EToys Shutters UK Site
The closure of the site, www.etoys.co.uk, deals yet another deathblow to cash-strapped online retailers left adrift by unforgiving financial markets.
"EToys.co.uk has performed really well, quickly becoming the number one retailer of children's products in the U.K.," said a company statement posted on its site. "But unfortunately, the disappointing recent performance of the company as a whole and the negative market conditions have forced us to close down."
The latest closure comes only 15 months after eToys entered the British market, offering an assortment of toys, PC and video games, software, books, videos and baby products. Orders were fulfilled out of a company warehouse in Belgium.
EToys Europe, as the corporate entity was called, garnered $2.4 million in its first six months of business. Sales doubled during the recent holiday period, and the customer base in Britain grew to more than 90,000.
But the site is far from profitable, despite keeping a lid on customer acquisition costs while boosting order size and gross margin. Like its U.S. counterpart at eToys.com, eToys.co.uk expects fourth-quarter 2000 revenue to fall short of expectations.
In all, the closure will cost 74 jobs. A Grand Closing Down Sale at the British site offers a 50 percent discount through Jan. 19 on all products.
Calls to Ken Ross, spokesman for eToys Inc., were not returned.
This setback is more salt on the wounds of an already foundering online retailer skirting with bankruptcy.
EToys' stock plummeted 72.73 percent to 28 cents a share Dec. 18 after the Santa Monica, CA, retailer said holiday sales were unexpectedly poor. Shares closed yesterday at 7/32, or 22 cents.
EToys estimated on Dec. 15 that net sales for the fourth quarter would hover between $120 million and $130 million. The retailer had said earlier that sales for that quarter would be $210 million to $240 million.
Executives at eToys are now considering a merger, asset sale, cash infusion or financial restructuring before cash runs out March 31. Layoffs are also planned. Goldman, Sachs & Co., which handled eToys' IPO, has been retained to look for a buyer.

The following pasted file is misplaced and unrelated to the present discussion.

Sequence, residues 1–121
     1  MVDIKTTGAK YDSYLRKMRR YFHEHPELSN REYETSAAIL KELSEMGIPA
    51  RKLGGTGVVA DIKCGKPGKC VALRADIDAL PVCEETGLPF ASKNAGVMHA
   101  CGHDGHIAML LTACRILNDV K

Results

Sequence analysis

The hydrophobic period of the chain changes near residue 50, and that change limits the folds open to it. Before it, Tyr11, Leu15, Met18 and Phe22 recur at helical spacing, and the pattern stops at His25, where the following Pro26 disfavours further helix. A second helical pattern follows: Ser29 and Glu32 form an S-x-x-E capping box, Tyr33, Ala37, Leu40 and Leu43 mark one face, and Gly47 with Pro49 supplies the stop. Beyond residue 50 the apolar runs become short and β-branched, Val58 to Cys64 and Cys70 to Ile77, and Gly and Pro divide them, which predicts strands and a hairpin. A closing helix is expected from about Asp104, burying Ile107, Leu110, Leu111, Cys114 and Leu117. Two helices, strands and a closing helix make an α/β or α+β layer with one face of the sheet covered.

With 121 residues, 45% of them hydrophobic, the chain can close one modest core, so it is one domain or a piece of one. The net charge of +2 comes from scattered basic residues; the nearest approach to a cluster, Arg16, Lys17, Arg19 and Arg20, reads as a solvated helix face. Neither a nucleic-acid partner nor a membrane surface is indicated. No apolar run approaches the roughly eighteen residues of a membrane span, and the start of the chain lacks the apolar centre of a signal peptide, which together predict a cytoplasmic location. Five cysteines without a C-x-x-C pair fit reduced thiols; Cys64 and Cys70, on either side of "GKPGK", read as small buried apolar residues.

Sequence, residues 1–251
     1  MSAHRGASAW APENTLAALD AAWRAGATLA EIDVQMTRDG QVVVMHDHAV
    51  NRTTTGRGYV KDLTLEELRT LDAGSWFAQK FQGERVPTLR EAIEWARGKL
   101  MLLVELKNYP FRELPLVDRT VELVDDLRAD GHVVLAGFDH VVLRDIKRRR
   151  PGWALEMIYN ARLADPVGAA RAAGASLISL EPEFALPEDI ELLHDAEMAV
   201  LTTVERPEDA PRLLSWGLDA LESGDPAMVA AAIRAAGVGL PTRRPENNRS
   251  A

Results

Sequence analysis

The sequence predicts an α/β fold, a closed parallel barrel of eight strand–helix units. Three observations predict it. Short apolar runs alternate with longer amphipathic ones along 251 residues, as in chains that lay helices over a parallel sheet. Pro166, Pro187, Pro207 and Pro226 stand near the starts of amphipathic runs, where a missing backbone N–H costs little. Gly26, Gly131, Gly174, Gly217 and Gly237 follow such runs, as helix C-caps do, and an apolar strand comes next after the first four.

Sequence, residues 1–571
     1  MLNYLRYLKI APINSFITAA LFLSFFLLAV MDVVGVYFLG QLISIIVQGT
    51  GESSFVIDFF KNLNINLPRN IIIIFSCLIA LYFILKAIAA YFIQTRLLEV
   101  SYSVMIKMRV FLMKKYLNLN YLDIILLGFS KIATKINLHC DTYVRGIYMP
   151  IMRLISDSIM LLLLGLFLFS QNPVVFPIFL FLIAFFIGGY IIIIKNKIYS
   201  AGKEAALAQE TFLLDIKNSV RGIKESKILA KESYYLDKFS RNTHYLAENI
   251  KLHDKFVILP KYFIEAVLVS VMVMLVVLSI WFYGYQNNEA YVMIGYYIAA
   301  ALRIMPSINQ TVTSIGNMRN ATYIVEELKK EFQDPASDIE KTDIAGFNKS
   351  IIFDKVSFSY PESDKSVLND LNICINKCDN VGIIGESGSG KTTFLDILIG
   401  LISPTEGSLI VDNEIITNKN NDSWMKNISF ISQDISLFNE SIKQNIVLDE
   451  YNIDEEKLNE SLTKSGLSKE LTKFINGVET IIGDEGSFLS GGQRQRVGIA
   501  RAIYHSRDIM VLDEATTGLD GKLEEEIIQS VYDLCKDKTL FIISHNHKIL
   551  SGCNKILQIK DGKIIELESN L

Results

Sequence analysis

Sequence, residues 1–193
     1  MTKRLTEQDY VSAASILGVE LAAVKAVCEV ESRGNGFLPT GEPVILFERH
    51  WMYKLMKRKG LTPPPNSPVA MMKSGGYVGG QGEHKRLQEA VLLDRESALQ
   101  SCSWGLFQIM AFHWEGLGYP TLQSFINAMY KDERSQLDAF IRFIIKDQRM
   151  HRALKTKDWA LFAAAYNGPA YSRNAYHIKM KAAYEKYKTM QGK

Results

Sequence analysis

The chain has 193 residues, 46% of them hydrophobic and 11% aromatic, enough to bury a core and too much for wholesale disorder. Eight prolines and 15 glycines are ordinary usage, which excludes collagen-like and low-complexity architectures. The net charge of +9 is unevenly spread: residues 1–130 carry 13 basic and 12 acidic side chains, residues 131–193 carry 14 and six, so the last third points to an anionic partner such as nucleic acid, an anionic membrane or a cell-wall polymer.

"They're running out of cash," warned Seema Williams, senior analyst at Forrester Research, Cambridge, MA. "They're facing tough competition. Competition is getting stronger by the day, and you can't survive very long in that department."
In fact, www.etoys.com lost its No. 1 rank in online traffic this holiday season to Amazon.com, Seattle, and Toys 'R' Us, Paramus, NJ, retailers that recently joined hands to sell toys online.
According to Nielsen//NetRatings, New York, Amazon and Toys 'R' Us led all online retailers during the holiday season with close to six times more visits than their next closest competitor, eToys.
Through their partnership, Amazon and Toys 'R' Us recorded 123 million shopping visits. By contrast, eToys had 21.12 million visits.
The Nielsen//NetRatings Holiday E-Commerce Index measures shopping trips to e-commerce sites in eight product categories by 62,000 users at home and another 8,000 at work.
Williams believes that eToys is ripe for an acquisition.
"Once upon a time, I would have thought Toys 'R' Us [would acquire eToys]," she said. "But, of course, with their deal with Amazon, that makes it an impossibility."
Williams places her bets on traditional, big-brand retailers that could benefit from the spit and polish of an Internet-only retailer.
"General merchants like Target, Kmart and certainly Wal-Mart could use help," she said. "So any one of those general merchants would find great value in eToys' ability to fulfill. It has solid customer service, and it's really good at selling online."